Margaret Court has accepted Tennis Australia’s invitation to the Australian Open in January to celebrate the 50th anniversary of her 1970 grand slam sweep.
The governing body said it did not agree with Court’s opposition to same-sex marriage, which had “demeaned and hurt many in our community”, but acknowledged it was important to recognise her efforts in winning the Australian Open, French Open, Wimbledon and US Open in the same calendar year.
“I’m looking forward to celebrating the 50th anniversary of winning the grand slam with my family and friends at the Australian Open,” Court said.
“This is an incredible milestone for me, and I can’t quite believe how quickly the time has gone.
“It’s always wonderful to catch up with my fellow legends and I’m grateful to Tennis Australia.
“Tennis is a wonderful sport and I’m proud to be part of the history of our great game.”
Court’s views on same-sex marriage and homosexuality in general have put her at odds with numerous current and past players, including Martina Navratilova and Billie Jean King. There have been calls for her name to be removed from the Margaret Court Arena at Melbourne Park, the home of the Open.
In 2017 she said tennis was “full of lesbians” and characterised calls for the removal of her name as “bullying”. In a 2018 submission to Philip Ruddock’s religious freedom review, she warned that Australia was “forsaking foundational truths” and called on Ruddock to ensure “that Christianity will not be silenced or stifled in Australia”.
The holder of an unsurpassed 24 grand slam singles trophies, Court’s achievements will be celebrated throughout the 2020 Open from 20 January to 2 February.
In June, TA’s production team spent a day with Court at her home in Perth, filming for a mini documentary to be released during the tournament.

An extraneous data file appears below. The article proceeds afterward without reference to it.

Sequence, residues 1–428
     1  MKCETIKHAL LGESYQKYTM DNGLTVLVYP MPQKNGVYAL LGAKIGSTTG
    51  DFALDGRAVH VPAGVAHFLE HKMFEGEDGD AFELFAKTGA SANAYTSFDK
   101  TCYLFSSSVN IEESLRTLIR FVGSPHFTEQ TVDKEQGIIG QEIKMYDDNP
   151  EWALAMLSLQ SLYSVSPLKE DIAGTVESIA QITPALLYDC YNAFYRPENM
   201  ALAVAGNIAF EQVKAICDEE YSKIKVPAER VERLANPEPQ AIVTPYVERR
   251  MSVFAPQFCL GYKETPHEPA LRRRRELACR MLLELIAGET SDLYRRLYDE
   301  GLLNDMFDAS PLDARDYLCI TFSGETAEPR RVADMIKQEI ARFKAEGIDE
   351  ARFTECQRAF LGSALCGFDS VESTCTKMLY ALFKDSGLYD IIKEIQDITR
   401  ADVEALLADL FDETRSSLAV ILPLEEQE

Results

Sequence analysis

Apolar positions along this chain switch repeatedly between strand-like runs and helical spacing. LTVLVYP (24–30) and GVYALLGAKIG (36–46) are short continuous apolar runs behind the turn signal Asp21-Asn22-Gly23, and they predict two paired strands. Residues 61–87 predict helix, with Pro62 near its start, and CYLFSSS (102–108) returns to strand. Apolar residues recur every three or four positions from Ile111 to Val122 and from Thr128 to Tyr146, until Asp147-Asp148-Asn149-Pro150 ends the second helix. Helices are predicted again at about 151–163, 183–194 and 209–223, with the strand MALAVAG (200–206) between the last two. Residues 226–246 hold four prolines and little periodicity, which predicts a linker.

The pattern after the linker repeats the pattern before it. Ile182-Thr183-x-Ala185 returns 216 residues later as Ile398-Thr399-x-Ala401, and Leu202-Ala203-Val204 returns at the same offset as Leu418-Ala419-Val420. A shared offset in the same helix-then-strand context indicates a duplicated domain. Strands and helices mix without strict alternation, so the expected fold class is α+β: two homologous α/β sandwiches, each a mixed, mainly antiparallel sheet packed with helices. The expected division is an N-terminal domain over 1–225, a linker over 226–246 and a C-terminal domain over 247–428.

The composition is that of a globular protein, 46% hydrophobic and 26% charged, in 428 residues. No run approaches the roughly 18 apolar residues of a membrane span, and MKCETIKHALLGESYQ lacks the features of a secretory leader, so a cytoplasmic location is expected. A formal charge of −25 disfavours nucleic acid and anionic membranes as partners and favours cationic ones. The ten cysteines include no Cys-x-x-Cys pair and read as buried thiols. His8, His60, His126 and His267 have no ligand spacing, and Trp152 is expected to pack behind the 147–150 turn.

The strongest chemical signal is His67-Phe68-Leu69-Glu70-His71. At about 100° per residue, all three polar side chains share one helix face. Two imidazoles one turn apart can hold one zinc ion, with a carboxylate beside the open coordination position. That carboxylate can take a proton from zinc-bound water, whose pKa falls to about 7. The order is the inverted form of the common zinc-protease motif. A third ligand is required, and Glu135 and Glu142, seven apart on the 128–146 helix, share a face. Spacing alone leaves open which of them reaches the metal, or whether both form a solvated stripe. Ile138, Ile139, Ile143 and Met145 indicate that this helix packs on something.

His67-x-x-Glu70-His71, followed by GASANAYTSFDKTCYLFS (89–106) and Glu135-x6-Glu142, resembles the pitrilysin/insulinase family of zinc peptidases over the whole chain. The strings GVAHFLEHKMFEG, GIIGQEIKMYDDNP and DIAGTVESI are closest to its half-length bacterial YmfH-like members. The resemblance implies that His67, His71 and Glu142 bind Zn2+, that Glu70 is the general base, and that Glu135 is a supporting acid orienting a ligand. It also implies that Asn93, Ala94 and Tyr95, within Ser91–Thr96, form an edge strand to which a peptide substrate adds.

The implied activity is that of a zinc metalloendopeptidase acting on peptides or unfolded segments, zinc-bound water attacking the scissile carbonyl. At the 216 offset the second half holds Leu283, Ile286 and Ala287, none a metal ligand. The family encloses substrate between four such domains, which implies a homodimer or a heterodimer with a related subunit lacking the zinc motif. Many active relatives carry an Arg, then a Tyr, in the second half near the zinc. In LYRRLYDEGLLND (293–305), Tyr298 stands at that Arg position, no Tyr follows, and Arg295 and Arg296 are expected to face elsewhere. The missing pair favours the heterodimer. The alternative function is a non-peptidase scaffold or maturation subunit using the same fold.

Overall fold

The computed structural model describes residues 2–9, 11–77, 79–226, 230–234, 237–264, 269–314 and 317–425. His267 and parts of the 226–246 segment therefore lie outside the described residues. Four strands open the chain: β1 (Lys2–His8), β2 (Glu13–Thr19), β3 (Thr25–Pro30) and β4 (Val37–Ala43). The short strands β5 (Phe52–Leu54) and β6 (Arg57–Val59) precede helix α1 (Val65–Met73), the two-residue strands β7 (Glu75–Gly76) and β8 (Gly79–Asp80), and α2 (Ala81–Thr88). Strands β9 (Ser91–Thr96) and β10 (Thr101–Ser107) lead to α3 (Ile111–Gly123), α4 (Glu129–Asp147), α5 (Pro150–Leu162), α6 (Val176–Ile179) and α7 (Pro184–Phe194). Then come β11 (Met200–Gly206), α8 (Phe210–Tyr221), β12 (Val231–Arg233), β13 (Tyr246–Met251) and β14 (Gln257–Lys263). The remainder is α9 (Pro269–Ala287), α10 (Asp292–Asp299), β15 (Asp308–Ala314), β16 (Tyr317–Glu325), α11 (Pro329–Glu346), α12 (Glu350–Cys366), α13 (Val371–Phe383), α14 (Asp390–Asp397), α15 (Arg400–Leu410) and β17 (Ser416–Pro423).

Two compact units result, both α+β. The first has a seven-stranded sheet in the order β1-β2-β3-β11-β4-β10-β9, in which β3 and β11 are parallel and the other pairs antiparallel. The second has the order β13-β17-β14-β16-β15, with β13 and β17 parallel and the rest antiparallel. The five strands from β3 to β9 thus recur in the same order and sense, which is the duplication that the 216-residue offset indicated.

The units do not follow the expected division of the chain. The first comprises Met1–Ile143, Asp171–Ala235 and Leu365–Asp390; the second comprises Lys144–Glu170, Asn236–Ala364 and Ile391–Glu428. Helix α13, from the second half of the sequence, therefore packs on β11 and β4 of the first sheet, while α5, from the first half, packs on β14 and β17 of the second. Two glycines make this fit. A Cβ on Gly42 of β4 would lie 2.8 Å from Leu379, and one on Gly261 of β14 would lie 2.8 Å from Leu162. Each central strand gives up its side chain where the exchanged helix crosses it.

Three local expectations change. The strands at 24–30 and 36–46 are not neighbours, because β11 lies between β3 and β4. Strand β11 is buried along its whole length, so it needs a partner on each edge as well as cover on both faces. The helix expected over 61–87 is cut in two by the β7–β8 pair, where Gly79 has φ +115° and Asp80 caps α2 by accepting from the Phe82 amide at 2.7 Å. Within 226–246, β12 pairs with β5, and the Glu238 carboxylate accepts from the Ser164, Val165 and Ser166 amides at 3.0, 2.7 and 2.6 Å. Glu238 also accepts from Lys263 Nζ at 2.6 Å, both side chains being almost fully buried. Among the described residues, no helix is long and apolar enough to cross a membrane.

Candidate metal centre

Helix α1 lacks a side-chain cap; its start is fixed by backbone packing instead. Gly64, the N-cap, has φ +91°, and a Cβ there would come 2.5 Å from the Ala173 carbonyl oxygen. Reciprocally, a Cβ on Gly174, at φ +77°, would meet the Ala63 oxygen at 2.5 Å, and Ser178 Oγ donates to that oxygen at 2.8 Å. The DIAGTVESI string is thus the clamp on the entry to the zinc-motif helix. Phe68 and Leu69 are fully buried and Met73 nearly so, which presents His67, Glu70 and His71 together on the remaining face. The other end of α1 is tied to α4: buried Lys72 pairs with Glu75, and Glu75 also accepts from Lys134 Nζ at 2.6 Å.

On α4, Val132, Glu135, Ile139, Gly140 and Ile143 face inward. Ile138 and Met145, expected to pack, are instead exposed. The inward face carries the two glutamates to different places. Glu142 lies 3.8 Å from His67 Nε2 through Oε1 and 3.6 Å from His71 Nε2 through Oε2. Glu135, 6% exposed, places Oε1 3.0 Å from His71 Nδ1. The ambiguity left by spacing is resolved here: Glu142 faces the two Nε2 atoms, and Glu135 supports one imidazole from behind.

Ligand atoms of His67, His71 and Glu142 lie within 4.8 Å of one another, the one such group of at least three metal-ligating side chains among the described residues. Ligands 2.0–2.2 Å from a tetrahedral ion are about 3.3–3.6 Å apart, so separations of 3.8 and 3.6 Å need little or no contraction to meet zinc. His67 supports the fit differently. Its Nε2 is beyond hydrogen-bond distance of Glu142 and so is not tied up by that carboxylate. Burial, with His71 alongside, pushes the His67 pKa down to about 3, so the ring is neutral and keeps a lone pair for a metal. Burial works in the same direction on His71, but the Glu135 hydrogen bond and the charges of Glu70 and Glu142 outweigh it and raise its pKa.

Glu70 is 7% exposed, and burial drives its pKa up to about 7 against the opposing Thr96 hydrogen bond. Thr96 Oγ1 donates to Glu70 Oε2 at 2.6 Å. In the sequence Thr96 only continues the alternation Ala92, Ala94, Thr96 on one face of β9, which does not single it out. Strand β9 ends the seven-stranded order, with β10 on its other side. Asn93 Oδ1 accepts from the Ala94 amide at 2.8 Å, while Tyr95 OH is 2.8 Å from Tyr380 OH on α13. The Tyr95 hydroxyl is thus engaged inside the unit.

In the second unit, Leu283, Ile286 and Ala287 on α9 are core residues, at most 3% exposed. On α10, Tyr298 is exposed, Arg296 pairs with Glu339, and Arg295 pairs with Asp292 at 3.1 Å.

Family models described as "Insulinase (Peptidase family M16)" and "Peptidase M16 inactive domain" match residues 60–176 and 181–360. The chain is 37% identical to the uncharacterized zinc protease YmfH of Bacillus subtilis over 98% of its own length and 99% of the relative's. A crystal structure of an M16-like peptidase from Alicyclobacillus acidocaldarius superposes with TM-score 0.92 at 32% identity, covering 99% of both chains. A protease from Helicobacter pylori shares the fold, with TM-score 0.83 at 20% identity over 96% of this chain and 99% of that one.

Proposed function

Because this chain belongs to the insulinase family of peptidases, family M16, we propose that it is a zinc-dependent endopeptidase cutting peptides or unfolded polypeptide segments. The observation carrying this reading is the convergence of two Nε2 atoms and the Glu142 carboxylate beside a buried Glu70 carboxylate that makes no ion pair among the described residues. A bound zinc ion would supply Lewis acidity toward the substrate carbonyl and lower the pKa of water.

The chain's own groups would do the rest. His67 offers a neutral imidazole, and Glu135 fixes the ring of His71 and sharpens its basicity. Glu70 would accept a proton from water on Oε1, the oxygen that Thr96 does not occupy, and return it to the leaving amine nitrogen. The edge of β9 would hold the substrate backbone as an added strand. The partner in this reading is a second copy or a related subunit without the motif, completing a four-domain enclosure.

“During filming, Court shared precious memories of her time on the tour and intimate reflections on her unmatched achievements,” TA said in a statement on Saturday.
“Her on-court prowess, reputation for being supremely fit and training in a fashion way ahead of her time, along with her nickname ‘the arm’ for her massive reach, are remembered by fellow legends, including Rod Laver.”
The Australian Open’s official program also includes a feature on Court’s achievements in 1970.
Other plans for the 50th anniversary include in-stadium entertainment that takes the audience back to 1970 and Court’s historic win, and the annual Australian Open Legends Lunch.
“Tennis Australia respects Margaret’s unmatched tennis career and welcomes her to the Australian Open, particularly in this milestone anniversary year,” the statement said.
“As often stated, Tennis Australia does not agree with Margaret’s personal views, which have demeaned and hurt many in our community over a number of years. They do not align with our values of equality, diversity and inclusion.
“Our sport welcomes everyone, no matter what gender, ability, race, religion or sexuality, and we will continue to actively promote inclusion initiatives widely at all levels of the sport.”
The American Maureen Connolly, in 1953, and the German Steffi Graf (1988) are the only two other women to have won all four slams in the same year.